Margaret Driscoll, Managing Consultant, IBM, USA

I predict that I will: (1) continue to look for social networking functionality to become integrated into e-learning platforms; (2) ask why/how standards like SCORM stay important/relevant as de facto Web standards like AJAX, REST, and SOAP seem to address the same issues in a more complete way (and if I am wrong here, please someone tell me); (3) continue to watch as gaming design and instructional design talk past each other and fail to find a satisfactory hybrid solution; (4) continue to argue that mobile learning (as opposed to "immobile learning?") will not cross into the mainstream as long as we continue to fail to adapt our design to the fact that most mobile devices are first audio devices and, distantly second, visual devices. Continuing to define "mobile learning" mainly by it association with one class of technology (cell phones) will have a similar effect.
Mark Oehlert, Innovation Investigator and Gaming Specialist, Defense Acquisition University, USA

Learning content, activity, and assessment authoring tools continue to improve. There are great tools with a short learning curve (for example, Adobe Captivate and Articulate Presenter) and tools with a longer learning curve that are really excellent (for example, Lectora, and Flashform). Savvy instructional designers are starting to realize that they cannot be involved in the development of all instructional content in their organizations. Designers are beginning to help others author content and that should leave the more complex projects, where quality of instruction and assurance of skills is needed, in the hands of capable instructional designers. One oh-so-hopeful prediction: Instructional design programs will begin teaching instructional designers to write. Why this critical skill isn't considered a must-have has me scratching my head.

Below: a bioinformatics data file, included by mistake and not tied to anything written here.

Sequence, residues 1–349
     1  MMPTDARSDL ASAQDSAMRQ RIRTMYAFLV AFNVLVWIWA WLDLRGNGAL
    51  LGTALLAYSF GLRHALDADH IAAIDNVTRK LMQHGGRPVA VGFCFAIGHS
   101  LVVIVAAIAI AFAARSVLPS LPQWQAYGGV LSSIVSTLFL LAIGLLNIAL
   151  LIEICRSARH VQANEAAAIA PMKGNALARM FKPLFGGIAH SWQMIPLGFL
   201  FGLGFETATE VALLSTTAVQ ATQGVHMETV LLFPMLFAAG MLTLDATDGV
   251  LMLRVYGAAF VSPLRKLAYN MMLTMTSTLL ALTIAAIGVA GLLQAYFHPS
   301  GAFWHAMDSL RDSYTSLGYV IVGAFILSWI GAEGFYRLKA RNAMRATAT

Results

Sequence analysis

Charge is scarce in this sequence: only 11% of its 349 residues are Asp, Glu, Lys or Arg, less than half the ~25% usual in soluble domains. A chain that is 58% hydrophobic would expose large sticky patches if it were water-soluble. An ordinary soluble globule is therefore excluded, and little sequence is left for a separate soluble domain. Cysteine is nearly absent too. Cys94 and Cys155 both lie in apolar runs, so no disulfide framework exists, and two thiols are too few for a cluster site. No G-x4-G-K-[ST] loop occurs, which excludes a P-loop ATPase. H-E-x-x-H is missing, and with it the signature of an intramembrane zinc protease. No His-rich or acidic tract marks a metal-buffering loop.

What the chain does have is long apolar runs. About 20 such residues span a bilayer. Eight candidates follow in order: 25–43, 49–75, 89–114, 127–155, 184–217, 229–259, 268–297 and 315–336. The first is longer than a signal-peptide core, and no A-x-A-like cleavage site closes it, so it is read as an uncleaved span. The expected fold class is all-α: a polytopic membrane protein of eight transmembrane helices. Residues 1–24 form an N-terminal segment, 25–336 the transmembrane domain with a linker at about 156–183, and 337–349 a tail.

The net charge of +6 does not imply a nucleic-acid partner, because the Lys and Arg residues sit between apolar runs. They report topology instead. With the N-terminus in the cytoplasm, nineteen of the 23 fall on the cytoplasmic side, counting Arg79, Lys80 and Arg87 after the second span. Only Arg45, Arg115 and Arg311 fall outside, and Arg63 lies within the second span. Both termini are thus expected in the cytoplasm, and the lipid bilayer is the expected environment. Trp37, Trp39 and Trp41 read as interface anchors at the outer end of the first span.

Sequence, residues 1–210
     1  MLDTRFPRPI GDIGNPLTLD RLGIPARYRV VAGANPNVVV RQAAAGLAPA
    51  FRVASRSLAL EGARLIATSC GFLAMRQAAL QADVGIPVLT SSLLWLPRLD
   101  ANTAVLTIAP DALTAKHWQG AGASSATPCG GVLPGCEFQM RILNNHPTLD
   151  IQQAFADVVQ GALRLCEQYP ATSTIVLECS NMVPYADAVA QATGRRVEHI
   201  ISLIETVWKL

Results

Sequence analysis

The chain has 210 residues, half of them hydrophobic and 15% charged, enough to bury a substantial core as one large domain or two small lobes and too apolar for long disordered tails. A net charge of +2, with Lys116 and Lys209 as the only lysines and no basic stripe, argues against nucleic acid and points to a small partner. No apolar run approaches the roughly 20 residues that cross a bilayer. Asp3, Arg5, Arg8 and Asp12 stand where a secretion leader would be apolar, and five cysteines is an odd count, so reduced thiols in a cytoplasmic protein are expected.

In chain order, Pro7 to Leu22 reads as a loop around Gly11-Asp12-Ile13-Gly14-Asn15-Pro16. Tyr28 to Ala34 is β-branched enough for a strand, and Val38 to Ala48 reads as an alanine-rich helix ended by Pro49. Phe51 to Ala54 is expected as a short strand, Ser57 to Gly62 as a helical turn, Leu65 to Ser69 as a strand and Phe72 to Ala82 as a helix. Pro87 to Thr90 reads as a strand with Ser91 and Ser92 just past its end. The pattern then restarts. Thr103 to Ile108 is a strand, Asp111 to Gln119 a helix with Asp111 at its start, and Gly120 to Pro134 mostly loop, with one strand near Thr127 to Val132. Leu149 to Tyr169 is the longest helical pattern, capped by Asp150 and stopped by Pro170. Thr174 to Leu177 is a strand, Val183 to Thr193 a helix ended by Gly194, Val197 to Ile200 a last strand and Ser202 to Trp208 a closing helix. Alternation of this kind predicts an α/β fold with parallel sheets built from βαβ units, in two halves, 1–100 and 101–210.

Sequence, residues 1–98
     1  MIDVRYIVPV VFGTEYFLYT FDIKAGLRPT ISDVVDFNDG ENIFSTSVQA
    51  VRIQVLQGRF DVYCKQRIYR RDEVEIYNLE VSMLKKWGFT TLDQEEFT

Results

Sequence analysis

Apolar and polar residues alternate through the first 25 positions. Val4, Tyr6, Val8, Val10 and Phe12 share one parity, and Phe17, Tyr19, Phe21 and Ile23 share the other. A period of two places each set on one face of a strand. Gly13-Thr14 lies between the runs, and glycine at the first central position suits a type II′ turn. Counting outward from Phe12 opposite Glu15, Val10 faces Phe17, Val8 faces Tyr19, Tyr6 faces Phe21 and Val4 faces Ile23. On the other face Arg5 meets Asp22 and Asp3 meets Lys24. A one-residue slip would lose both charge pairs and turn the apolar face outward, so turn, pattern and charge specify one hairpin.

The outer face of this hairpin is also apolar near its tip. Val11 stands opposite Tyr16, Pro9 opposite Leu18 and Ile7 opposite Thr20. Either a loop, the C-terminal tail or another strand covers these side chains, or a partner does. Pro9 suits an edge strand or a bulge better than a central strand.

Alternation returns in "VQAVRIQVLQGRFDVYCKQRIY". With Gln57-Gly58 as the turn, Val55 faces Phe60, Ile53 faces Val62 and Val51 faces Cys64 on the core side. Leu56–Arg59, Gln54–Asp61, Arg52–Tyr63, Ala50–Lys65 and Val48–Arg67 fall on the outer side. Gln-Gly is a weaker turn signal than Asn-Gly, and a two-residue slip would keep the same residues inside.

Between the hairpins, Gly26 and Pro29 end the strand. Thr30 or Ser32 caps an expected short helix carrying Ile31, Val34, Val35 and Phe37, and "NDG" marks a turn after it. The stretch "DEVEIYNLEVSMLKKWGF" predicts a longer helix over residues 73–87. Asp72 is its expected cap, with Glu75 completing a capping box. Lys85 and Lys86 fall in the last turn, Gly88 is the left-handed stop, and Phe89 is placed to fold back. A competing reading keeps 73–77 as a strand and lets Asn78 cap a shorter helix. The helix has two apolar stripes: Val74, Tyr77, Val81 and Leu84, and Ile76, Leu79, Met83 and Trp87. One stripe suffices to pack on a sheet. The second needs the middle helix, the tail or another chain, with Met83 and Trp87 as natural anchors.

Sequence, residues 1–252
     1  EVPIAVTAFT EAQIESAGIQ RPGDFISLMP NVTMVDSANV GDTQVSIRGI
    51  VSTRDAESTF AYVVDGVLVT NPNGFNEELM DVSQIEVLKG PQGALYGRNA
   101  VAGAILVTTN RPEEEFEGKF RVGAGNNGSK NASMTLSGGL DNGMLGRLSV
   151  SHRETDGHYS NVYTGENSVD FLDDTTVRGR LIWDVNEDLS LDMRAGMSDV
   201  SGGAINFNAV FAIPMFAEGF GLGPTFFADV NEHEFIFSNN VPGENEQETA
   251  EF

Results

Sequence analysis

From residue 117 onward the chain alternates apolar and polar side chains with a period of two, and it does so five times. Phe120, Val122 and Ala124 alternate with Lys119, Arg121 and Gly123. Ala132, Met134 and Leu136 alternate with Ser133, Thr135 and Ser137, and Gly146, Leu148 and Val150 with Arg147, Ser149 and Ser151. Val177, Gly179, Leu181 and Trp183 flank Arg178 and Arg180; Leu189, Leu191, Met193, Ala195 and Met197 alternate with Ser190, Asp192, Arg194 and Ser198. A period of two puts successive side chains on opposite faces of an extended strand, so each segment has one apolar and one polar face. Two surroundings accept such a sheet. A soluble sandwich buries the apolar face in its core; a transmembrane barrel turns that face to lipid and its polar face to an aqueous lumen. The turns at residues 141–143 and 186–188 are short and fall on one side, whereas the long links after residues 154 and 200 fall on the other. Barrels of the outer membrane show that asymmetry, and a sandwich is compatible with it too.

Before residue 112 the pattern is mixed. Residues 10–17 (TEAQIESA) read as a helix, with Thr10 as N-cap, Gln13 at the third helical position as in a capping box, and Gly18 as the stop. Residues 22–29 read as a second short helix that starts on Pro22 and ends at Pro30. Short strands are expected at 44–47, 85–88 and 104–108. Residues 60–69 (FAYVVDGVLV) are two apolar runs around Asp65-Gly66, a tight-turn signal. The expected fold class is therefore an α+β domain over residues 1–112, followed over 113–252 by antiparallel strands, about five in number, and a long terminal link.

Patti Shank, President, Learning Peaks LLC, USA

The cynical: There will continue to be "eLearning Solutions Providers" with no one on the executive/management team who really understands learning; a total LMS/CMS/Portal/eCommunity all-singing, all-dancing solution will be announced, but it still won't be the answer. The optimistic: mLearning will cross the chasm this year, and more organizations will take a wise perspective toward using technology to populate the "performance ecosystem." Both: Exciting new Web 2.0 applications will keep appearing, but we won't be better at avoiding hype and looking for real learning affordances.
Clark Quinn, Quinnovation, USA